Orangutans have exhibited lots of similarities to human growth and behaviors. They tend to shelter themselves from the rain or the sun with large leafy branches or large leaves. They also engage in tool use in the wild. As for development, the first year is very similar to human infant development.
Status in the Wild
Orangutans are sexually dimorphic (with two distinct gender forms): males are significantly taller than females are and weigh more than twice as much as females do. Both male and female orangutans range in color from bright orange to maroon or dark chocolate. The form of orangutans is well-adapted to an arboreal life-style. Their arms are very long and reach to their ankles when they stand upright. They have very long fingers and dexterous hands. Their feet are broad and look very similar to their hands, with long, grasping toes for climbing. They are the only primate with two distinct forms of mature males. Flanged males, with cheek pads, long hair, a large throat sac, and long calls, are intolerant of other mature males. Nonflanged males do not develop the secondary sex characteristics of flanged males: cheek pads, long hair, long calls, large size, and defense of territory. The nonflanged males are closer to females in body size. Both forms can impregnate females and contribute to the population's reproduction. The transition from unflanged to flanged is dependent upon complex social cues not yet fully understood. Like other great apes, orangutans have no tail, are large-brained, and are sapient (aware of themselves as individuals).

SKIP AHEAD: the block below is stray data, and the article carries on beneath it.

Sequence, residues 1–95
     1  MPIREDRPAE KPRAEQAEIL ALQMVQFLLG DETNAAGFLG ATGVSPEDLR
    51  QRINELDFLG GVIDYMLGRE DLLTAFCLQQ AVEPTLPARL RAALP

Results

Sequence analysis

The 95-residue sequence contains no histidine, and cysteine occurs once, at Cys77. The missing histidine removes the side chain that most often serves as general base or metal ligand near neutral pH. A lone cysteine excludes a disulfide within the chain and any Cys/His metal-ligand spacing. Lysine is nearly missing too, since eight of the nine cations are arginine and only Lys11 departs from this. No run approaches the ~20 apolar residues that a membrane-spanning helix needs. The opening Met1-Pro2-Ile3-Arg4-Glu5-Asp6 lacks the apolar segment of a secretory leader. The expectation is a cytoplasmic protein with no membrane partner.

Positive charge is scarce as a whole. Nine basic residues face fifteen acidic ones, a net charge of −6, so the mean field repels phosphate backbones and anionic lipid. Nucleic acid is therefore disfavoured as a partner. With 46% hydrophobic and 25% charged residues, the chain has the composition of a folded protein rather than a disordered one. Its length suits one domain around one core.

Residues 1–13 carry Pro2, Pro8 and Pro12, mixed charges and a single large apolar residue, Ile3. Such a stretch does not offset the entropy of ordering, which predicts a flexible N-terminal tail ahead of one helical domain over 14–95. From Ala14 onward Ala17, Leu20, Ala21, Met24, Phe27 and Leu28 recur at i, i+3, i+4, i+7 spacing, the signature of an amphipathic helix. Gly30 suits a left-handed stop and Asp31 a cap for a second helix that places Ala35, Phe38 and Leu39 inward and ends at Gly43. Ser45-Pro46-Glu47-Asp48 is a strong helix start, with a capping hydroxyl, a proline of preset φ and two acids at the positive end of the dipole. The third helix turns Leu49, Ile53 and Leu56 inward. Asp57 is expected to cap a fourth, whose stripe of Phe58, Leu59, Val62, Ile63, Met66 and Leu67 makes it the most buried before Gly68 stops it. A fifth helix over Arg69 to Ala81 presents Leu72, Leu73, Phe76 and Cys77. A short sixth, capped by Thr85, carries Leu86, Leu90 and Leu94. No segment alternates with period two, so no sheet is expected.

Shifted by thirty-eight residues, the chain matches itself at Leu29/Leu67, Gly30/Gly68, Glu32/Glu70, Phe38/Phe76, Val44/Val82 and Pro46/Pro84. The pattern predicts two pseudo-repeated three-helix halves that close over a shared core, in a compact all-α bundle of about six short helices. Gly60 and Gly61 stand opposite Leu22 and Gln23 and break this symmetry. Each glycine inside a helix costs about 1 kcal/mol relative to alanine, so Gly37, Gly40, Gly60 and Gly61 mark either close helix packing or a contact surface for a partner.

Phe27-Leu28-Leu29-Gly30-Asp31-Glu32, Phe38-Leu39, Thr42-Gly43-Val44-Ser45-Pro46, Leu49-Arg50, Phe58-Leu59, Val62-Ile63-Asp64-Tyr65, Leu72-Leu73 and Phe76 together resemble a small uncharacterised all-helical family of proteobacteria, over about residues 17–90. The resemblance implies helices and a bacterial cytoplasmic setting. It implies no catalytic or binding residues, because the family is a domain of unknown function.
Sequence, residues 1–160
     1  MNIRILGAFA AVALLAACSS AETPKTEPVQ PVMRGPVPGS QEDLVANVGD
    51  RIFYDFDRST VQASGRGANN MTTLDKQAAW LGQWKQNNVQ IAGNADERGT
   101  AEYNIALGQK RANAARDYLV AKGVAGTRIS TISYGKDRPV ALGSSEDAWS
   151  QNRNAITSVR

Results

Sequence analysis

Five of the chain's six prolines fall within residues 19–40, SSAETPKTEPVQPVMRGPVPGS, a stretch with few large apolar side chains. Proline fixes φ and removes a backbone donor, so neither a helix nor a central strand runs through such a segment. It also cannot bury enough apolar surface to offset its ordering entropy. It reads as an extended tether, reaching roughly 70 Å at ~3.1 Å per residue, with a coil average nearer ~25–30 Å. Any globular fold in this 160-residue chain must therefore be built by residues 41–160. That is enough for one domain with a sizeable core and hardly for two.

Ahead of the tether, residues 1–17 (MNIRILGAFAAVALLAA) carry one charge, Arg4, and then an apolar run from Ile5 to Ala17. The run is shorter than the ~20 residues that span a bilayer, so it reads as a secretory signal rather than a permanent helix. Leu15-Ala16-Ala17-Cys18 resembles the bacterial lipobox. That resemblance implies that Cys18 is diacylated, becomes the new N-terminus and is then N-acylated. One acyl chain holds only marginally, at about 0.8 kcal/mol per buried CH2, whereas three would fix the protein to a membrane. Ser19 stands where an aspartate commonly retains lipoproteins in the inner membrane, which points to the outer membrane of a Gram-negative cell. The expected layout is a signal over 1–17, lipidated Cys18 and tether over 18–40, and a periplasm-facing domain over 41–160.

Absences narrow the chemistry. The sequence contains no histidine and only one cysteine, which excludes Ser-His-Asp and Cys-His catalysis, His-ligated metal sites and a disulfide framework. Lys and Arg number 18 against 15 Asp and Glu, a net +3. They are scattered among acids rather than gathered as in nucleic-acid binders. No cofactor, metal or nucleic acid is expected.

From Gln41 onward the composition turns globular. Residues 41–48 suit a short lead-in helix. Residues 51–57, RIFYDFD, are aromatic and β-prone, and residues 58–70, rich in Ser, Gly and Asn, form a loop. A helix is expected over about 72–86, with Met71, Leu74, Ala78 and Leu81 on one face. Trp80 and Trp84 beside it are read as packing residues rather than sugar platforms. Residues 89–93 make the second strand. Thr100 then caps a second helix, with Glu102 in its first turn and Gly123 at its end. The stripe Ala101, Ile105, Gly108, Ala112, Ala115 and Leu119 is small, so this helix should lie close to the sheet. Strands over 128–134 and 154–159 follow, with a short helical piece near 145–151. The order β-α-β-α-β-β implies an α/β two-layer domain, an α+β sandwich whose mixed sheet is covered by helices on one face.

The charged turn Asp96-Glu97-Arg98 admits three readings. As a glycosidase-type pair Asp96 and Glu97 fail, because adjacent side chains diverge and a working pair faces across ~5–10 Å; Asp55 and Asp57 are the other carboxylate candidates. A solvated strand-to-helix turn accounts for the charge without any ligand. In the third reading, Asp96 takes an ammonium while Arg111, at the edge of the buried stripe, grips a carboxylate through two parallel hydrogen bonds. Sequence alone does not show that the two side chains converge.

Orangutans' dependence on an arboreal lifestyle makes them very susceptible to habitat disruption. Clear-cutting forest for extensive agricultural development, notably palm oil plantations in Sumatra and Borneo, have led to a rapid decline in orangutan populations and an increase in numbers of orphaned orangutans. Orangutans are being rehabilitated at several stations in Malaysia and Indonesia, where confiscated young pets or orphaned orangutans are trained to return to the wild. Clear-cutting primary forest and mature secondary forest important as orangutan habitat serves to extirpate orangutan populations. The rapid habitat loss has led to many hundreds of juvenile orangutans being cared for in sanctuaries. Sanctuary caregivers are challenged with the task of rehabilitating, socializing, and providing basic care for so many youngsters who have had their normal rearing disrupted through habitat loss.
Brookfield Zoo has partnered with Cheyenne Mountain Zoo to promote orangutan friendly choices. You can help keep wild orangutans and their habitats healthy, by following the recommendations of the Cheyenne Mountain Zoo and choosing products containing palm oil certified as sustainable by the Round table on Sustainable Palm Oil (RSPO). The RSPO ensures palm oil is harvested in a way that reduces CO2 emissions, does not harm wildlife or the environment and guarantees workers and their families have a living wage.
Download their Sustainable Palm Oil Shopping Guide
Adopt an Orangutan
Orangutans are listed on Appendix I of CITES.
Listed as "critically endangered" on the IUCN Red List (International Union for Conservation of Nature and Natural Resources)
CZS Conservation - Species Survival Plan
The Chicago Zoological Society administers the Chicago Board of Trade (CBOT) Endangered Species Fund, which supports conservation-oriented research. The grant program attracts dozens of innovative research projects each quarter, which have included orangutan conservation.
CZS also assists in orangutan conservation by promoting awareness about palm oil issues and providing an Orangutan-Friendly Shopping Guide on its website.